Mumbai: Home Dept found ‘no substance’ in Shukla’s phone tapping report

The Maharashtra Home Departments’ documents assessed by the Free Press Journal has a different story to tell on the report by former additional DGP (intelligence) Rashmi Shukla on phone tapping to find out alleged racket in police transfers. Contrary to leader of Opposition Devendra Fadnavis’ allegations that the state home department did not act on the report, the documents clearly show that the report was analysed in the presence of senior police officers and transcript was also examined. Further, the documents also revealed that Shukla had not taken a formal approval from the additional chief secretary (Home) before undertaking the phone tapping.

“However, it was ultimately found that in the transcript, two unknown persons were speaking about transfers and how it can be done. They were discussing in vague terms the modus operandi of such transfers. Apart from those two unknown persons there was no involvement of any politician or senior government and police officers in these conversations. Therefore, the home department sought Shukla’s explanation. As her explanation was not substantiated by solid evidence, the home department decided not to initiate any action in her report. The transfers are done as per the recommendations of the Establishment Board and as mentioned in the transcript 80% of them never happened,” said senior home department officer.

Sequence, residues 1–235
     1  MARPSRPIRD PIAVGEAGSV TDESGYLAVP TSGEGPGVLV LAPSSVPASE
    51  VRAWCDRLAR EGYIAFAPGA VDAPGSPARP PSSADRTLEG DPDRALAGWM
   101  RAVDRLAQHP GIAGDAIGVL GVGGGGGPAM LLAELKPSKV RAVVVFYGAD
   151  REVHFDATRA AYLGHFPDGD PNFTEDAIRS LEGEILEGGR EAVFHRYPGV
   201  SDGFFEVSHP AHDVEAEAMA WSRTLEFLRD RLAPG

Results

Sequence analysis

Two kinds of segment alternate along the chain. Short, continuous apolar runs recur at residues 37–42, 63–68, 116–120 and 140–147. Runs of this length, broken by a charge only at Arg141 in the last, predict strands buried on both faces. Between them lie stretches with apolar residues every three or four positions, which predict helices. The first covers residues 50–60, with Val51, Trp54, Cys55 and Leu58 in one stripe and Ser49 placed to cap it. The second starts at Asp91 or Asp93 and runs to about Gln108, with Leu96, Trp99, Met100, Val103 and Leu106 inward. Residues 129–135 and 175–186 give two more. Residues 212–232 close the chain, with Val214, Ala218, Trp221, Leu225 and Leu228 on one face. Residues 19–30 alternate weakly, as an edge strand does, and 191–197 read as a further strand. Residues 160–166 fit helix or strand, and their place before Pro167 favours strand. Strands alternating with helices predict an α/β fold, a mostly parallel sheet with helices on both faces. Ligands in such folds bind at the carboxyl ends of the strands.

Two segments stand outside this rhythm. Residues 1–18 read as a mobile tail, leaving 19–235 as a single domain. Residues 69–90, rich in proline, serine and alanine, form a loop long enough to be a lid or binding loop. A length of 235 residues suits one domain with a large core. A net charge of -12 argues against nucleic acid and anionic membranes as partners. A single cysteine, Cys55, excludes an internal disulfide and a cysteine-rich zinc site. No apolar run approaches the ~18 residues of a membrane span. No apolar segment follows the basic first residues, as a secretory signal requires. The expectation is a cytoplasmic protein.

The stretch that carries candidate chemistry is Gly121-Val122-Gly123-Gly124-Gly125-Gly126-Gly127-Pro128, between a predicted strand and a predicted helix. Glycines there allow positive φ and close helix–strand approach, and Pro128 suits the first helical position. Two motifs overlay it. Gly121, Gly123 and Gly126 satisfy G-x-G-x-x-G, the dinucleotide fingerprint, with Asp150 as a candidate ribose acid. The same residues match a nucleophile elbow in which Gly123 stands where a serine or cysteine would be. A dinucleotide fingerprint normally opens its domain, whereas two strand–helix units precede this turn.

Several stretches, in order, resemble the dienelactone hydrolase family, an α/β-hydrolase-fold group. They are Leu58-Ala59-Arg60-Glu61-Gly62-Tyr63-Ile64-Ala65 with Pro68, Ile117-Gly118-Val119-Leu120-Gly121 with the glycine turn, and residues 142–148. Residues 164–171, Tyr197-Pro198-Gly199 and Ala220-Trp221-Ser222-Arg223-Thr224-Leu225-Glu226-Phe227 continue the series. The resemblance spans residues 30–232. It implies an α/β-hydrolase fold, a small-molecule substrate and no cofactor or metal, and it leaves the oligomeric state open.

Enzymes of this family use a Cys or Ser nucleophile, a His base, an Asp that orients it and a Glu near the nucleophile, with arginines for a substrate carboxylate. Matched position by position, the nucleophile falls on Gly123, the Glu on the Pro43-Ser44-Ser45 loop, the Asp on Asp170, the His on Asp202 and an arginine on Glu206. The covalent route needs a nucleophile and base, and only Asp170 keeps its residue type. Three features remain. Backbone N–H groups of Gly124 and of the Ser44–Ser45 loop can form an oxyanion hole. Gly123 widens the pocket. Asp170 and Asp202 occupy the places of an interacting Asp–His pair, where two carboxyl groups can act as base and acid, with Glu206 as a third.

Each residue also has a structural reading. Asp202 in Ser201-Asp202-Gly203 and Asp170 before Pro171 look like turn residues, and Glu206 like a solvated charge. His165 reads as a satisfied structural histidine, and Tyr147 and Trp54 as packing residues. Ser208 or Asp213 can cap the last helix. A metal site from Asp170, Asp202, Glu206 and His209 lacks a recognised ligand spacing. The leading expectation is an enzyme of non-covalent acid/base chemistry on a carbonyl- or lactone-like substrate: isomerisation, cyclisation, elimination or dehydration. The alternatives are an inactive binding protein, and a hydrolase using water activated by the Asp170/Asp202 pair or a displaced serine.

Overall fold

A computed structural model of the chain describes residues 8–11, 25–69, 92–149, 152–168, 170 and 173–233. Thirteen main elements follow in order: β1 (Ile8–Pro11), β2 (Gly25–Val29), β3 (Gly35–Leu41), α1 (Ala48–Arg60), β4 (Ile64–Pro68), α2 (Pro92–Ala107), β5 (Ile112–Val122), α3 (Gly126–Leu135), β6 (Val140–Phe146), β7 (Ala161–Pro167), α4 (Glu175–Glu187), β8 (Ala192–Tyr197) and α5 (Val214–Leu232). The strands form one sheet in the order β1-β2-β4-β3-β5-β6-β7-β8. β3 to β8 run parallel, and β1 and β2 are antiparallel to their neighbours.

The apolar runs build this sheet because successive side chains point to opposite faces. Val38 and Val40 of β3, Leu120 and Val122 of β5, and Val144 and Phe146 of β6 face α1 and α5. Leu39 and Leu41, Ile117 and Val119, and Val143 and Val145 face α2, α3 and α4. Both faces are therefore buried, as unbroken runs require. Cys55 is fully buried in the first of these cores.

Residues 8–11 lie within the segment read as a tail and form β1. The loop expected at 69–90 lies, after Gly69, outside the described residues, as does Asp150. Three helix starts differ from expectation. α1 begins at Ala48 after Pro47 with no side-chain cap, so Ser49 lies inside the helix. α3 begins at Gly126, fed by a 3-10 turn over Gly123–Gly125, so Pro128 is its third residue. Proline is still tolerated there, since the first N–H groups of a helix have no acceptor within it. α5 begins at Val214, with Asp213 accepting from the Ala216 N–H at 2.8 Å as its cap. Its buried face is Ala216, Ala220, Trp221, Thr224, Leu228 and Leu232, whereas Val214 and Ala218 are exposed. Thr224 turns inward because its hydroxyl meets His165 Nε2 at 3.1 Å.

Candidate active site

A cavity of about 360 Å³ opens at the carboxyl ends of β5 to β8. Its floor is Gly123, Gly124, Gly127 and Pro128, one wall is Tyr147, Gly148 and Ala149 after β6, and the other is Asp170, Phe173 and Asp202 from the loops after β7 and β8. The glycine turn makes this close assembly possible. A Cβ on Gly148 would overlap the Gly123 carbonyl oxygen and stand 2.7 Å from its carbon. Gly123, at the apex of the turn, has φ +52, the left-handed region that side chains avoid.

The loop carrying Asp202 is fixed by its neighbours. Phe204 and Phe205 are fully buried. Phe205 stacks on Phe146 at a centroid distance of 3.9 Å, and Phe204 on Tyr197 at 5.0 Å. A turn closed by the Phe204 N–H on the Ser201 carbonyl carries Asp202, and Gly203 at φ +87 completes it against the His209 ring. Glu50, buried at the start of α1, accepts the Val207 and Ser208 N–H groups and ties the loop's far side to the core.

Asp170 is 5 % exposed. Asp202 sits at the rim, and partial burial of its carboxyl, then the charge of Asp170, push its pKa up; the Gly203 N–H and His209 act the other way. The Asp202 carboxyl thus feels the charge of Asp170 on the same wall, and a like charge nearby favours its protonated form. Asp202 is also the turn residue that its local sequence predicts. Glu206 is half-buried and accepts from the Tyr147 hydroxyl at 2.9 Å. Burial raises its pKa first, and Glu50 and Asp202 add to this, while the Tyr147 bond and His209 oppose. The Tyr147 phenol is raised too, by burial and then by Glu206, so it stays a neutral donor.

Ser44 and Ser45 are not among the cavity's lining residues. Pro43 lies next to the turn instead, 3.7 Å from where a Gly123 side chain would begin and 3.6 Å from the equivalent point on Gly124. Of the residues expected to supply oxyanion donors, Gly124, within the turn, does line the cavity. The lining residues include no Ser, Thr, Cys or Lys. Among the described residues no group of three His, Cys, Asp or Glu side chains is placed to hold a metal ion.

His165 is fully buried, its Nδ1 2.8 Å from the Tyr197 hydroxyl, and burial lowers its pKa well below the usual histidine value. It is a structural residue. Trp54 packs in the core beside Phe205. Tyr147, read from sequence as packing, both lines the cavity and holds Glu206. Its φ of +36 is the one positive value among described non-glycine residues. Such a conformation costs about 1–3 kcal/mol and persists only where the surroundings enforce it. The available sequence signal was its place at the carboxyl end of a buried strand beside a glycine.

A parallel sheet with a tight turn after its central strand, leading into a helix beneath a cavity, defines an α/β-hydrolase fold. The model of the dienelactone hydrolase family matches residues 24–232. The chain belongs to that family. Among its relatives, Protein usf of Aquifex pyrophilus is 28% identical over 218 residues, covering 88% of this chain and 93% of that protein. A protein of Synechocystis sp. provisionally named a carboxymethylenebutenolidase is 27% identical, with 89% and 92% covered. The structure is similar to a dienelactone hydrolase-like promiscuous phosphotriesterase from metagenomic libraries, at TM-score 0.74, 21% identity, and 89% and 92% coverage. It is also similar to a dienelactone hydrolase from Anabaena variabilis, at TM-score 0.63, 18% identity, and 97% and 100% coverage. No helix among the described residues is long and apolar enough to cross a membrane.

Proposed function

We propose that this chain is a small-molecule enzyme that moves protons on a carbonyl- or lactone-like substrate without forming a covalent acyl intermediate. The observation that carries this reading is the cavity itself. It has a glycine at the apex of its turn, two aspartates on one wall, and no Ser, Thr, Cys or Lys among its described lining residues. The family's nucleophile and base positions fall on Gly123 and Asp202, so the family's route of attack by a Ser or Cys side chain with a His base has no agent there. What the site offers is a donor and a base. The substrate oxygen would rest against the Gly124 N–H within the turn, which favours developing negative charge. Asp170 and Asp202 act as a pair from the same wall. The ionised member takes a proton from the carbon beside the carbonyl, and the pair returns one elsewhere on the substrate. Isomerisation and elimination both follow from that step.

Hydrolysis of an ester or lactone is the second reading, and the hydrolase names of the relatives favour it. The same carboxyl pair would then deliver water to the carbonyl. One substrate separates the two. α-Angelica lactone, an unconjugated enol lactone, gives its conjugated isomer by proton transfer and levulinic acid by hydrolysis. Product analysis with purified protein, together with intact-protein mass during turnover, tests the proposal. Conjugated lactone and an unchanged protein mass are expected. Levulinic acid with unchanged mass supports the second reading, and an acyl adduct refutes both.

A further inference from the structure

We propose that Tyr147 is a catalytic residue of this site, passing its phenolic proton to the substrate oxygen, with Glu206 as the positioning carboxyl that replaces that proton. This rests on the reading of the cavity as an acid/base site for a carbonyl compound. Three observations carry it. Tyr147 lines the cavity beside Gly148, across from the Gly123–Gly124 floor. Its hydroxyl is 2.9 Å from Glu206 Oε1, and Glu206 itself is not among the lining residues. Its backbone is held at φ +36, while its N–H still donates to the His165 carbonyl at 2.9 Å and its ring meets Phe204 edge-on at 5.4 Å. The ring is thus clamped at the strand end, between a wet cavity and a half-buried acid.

Further, the officer said, “At whose behest Shukla went ahead and tapped phones? The transcript has nothing substantial to prove that there was a racket involved in transfers of senior IPS as well as non IPS officers.”

Shukla in a covering letter of her report said, “It has been discovered that the “brokers” are in close contact and embroiled in these negotiations with several influential people. The police officers ranging from inspectors to several high ranking IPS officers in contact with such undesirable individuals.”

She had recommended that it should be brought to the Chief Minister’s notice as this casts sincere aspersions against the credibility and functioning of the government. It will erode public faith and trust in the administrative machinery. But another home department officer said the purported telephonic conversation naming police officers may not be enough to take action.

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